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September 1960

The Mechanism of Pyloric Stenosis and Its Relationship to Preoperative Preparation

Author Affiliations

Associate Professor of Surgery and Chief of the Section on Pediatric Surgery, University of Louisville School of Medicine, Department of Surgery, and Surgeon-in-Chief, Children's Hospital.

Arch Surg. 1960;81(3):453-459. doi:10.1001/archsurg.1960.01300030113014

Pyloric stenosis, an ever-present problem in the care of infants, has been generally well understood so far as the principles of diagnosis and operative management are concerned. Recent years, however, have seen an increasing series of extravagant claims being made for particular regimens related to parenteral fluid therapy. The glowing terms in which some of these rather complex programs are described led us to the conclusion that it might be worth while to compare these results with a series in which parenteral fluids, other than blood, have rarely been used.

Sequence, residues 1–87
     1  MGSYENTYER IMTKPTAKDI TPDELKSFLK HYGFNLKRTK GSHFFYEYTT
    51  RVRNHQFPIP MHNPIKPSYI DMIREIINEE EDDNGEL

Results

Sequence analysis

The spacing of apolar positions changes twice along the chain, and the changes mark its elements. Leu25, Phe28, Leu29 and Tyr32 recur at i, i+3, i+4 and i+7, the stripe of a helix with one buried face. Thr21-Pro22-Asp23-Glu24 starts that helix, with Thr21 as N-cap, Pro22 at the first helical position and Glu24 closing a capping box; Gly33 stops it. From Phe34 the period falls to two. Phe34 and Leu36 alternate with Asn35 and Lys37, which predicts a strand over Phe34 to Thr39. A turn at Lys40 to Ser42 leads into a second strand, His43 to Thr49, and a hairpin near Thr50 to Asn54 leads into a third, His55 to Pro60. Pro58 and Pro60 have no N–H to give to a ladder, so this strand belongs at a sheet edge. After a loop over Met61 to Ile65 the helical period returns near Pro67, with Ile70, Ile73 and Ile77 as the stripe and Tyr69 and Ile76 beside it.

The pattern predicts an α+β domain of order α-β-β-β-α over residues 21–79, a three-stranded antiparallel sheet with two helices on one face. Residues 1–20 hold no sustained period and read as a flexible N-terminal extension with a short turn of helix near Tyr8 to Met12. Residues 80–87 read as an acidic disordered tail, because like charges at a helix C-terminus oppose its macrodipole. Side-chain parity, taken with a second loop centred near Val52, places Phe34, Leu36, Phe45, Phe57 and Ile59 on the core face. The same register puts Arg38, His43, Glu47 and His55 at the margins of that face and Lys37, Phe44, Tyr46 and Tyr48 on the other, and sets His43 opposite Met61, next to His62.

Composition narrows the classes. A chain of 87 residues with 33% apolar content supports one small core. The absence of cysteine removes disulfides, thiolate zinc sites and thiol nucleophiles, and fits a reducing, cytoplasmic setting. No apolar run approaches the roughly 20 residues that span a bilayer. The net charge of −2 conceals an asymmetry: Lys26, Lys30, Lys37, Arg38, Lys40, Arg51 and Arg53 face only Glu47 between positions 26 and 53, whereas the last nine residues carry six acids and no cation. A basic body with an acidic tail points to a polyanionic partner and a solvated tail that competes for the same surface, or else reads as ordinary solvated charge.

In order to evaluate the situation, the last 75 consecutive staff cases and the last 50 consecutive private cases (exclusive of my own) were selected from the records of the Louisville Children's Hospital.

Hypertrophic pyloric stenosis results from mechanical blockage of the stomach outlet by hypertrophy of the circular muscle fibers of the pylorus combined with edema of the mucosa

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